Regardless of your political ideology, you’ll come away with a newfound respect for the tireless pioneer of gender equality.
Depending upon your political leanings, Supreme Court Justice Ruth Bader Ginsburg is a “witch, evildoer, or monster,” or “the closest thing we have to a superhero.” Both of these descriptions appear in the excellent documentary RBG. Regardless of your ideology, it’s impossible to leave RBG without a newfound respect for the diminutive pioneer of gender equality.
“Be a lady and be independent.”
Those words, uttered by Ginsburg’s mother, shaped the philosophy of one of America’s fiercest and most successful litigators. From the very beginning, when she was one of only nine women at Harvard Law School in 1956 (compared to 500 men), she fought inequality with ferocity and guile. And yet, she approaches each opponent with respect and an eye toward compromise. Indeed, one of the film’s most surprising revelations is her abiding friendship with the late uber-conservative Justice Antonin Scalia.
The primary objective of co-directors Julie Cohen and Betsy West is to bolster Ginsburg’s rock star status as a rabble-rouser. We get lots of footage from the 84 year old’s personal workouts, which include push-ups and planks. As a justice, Ginsburg was forced into a more pugnacious role after George W. Bush’s conservative appointees to the Court in the 2000s. She has rendered several pointed dissenting opinions on important cases, including the 5–4 decision in Bush v Gore, which ended the recount efforts in Florida and awarded the presidency to Bush in 2000.
For her part, Ginsburg seems delighted by the ‘RBG’ homage to the late rapper The Notorious B.I.G. “We have a lot in common,” Ginsburg quips. “We were both born and bred in Brooklyn.”
The filmmakers return to these Brooklyn connections several times, searching Ginsburg’s background for the secret to her inexhaustible energy. Childhood friends describe a rambunctious girl who preferred rough-n-tumble boy’s games to more feminine fare. “Kiki,” as her friends call her, was particularly fond of jumping across the garage doors of her neighbors’ houses.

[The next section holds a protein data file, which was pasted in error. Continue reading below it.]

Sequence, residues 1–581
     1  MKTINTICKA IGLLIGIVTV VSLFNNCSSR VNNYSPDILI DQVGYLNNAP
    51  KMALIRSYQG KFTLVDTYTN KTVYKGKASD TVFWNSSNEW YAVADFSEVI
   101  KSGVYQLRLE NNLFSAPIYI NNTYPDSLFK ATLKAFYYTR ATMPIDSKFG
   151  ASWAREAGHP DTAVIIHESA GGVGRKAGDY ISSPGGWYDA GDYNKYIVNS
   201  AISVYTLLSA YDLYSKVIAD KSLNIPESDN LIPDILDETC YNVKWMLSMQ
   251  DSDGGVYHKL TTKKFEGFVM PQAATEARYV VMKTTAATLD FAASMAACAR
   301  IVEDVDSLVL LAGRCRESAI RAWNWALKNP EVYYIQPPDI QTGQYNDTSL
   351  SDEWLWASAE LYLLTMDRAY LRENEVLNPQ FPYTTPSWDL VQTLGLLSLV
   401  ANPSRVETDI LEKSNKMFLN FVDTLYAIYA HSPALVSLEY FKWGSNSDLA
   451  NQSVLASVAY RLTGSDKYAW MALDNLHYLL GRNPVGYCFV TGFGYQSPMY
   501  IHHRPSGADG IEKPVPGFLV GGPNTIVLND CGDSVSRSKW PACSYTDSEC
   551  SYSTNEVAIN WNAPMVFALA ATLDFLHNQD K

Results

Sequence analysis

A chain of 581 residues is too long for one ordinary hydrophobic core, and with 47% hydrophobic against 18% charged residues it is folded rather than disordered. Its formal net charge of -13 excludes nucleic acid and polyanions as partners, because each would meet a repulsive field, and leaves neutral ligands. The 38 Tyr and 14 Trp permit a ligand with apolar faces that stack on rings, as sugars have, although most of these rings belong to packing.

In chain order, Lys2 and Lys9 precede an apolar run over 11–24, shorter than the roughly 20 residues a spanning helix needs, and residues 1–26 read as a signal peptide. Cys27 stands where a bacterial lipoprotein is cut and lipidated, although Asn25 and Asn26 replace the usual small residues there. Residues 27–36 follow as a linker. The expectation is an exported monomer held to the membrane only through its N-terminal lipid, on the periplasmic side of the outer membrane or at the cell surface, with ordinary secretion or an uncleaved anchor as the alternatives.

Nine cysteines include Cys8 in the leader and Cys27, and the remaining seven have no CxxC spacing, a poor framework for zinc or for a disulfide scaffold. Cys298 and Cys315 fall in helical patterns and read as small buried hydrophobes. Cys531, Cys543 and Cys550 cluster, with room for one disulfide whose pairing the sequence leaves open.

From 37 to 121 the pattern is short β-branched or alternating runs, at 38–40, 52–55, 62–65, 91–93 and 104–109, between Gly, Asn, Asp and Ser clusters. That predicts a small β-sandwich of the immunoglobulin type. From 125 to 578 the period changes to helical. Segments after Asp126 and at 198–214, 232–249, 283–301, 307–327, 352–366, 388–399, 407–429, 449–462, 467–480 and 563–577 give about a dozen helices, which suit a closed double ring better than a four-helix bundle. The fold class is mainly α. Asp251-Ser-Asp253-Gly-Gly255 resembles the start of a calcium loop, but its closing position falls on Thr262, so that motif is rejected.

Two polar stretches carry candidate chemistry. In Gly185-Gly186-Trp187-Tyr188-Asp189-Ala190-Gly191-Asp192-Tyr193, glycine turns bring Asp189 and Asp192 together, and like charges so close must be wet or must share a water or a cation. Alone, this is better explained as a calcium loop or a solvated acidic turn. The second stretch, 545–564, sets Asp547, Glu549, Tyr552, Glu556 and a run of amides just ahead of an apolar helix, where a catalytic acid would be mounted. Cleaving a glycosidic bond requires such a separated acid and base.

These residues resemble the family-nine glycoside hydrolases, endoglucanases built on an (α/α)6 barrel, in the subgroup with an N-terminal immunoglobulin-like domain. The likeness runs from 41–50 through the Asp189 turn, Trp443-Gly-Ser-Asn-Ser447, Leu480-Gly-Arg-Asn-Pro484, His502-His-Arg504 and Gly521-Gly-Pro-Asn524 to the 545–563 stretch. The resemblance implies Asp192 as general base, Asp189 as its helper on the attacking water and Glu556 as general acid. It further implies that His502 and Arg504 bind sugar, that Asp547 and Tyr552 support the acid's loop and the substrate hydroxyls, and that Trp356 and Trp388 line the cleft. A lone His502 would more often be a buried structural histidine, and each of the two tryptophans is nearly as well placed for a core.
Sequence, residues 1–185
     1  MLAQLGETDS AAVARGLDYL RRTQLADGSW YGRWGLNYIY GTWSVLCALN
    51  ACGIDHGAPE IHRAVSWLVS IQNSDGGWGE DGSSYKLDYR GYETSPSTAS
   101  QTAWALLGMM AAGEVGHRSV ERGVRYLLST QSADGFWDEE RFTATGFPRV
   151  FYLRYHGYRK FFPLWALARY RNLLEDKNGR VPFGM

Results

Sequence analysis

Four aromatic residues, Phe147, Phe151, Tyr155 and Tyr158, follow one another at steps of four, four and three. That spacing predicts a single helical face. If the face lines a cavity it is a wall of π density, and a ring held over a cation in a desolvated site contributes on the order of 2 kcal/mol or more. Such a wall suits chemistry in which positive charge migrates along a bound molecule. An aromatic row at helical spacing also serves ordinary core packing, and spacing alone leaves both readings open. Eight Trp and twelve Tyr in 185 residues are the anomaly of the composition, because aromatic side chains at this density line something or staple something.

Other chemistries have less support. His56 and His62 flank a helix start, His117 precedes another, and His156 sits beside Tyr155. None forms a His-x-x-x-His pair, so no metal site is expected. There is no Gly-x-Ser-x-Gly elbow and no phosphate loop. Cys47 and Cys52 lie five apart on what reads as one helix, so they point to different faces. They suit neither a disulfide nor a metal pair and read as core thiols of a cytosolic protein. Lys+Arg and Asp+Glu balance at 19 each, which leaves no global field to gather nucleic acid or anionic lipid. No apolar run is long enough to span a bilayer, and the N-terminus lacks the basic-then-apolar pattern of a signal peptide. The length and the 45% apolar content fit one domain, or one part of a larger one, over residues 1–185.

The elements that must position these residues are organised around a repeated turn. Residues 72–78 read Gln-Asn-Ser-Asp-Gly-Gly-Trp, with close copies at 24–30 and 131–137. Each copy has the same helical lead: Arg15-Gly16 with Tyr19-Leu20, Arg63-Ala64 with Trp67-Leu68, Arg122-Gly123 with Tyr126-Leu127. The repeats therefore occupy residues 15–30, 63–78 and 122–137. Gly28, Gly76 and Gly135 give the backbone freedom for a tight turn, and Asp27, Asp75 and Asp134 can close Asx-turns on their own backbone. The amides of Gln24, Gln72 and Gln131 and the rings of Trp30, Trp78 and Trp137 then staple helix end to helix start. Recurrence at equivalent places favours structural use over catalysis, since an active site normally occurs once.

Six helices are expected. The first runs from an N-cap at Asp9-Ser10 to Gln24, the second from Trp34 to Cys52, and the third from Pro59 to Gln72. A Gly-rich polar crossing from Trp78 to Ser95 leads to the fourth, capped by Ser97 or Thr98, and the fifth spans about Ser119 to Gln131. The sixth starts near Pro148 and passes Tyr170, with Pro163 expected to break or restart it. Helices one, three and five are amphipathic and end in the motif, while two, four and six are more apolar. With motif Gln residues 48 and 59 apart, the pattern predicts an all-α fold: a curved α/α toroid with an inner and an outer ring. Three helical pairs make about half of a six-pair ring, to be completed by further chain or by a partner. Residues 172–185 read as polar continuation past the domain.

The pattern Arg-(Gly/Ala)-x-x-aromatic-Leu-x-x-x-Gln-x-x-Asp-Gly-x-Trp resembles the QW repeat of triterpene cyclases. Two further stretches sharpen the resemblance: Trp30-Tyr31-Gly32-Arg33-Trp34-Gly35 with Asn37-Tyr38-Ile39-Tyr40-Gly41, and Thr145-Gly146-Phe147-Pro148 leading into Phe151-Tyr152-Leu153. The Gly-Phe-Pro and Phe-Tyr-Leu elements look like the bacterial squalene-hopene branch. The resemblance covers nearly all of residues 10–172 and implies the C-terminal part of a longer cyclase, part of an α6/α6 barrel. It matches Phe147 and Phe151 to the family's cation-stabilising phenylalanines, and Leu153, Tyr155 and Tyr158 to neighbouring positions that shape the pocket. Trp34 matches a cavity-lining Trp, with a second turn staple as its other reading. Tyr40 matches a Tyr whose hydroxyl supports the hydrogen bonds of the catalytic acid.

Ginsburg’s voice is a strong presence throughout the film, providing plenty of voiceover insight, as well as face-to-face interview time. Her measured tone is a charming blend of confidence and humility. Though she isn’t outwardly funny, her dry humor makes for an enjoyable chat.
“I tend to be rather sober,” Ginsburg concedes. This claim is bolstered by the logbook kept by her two children called “Mommy Laughed,” in which they track her infrequent guffaws. Speculation abounds that the logbook remains largely unpopulated.
It’s clear from RBG that Ginsburg has had two major loves in her life: the law and her husband Martin. Although much of their focus remains on Ginsburg’s legal legacy, Cohen and West spend plenty of time on Martin, as well. His role in the film mirrors the role he played for Ginsburg for over 50 years: provide comic relief and an emotional connection. It’s charming to watch him tease her over the years — via archival footage from press conferences — particularly for her infamous lack of culinary acumen.
“My wife does not give me any advice about cooking, and I do not give her any advice about the law,” Martin once joked. “This seems to work quite well on both sides.”
Yet it was Martin who championed Ginsburg’s nomination to the Supreme Court in 1993. Several interviewees wonder aloud if Martin’s legal connections in Washington, D.C. finally secured her name on Bill Clinton’s expansive list of potential candidates.
Still, the filmmakers keep their focus primarily on Ginsburg’s monumental legal cases, particularly her six battles against the Supreme Court in the 1970s. Audio recordings of Ginsburg’s arguments bear witness to a big brain who anticipated every counterpoint her opponents might make. She boasts five victories in six appearances before the Supreme Court, with most of those cases standing as landmarks in the burgeoning legal arena of gender equality.
“I ask no favors for my sex,” Ginsburg paraphrases the famous quote by feminist icon Sarah Moore Grimké. “All I ask of our brethren is that they will take their feet from off our necks.” Ginsburg has appeared more outwardly vocal on women’s issues over the years, as well as her public condemnation of Donald Trump’s presidential run in 2016. Ginsburg was widely derided for her inappropriate statements about Trump, a gaffe that the filmmakers, thankfully, do not overlook.
Whether you can’t wait for Ginsburg to step down or you pray every night for her continued good health, RBG is inarguably a fitting tribute to an American legend. It’s a breezy blend of legalese, hero worship, and firsthand insight into a woman who helped re-write the history books.
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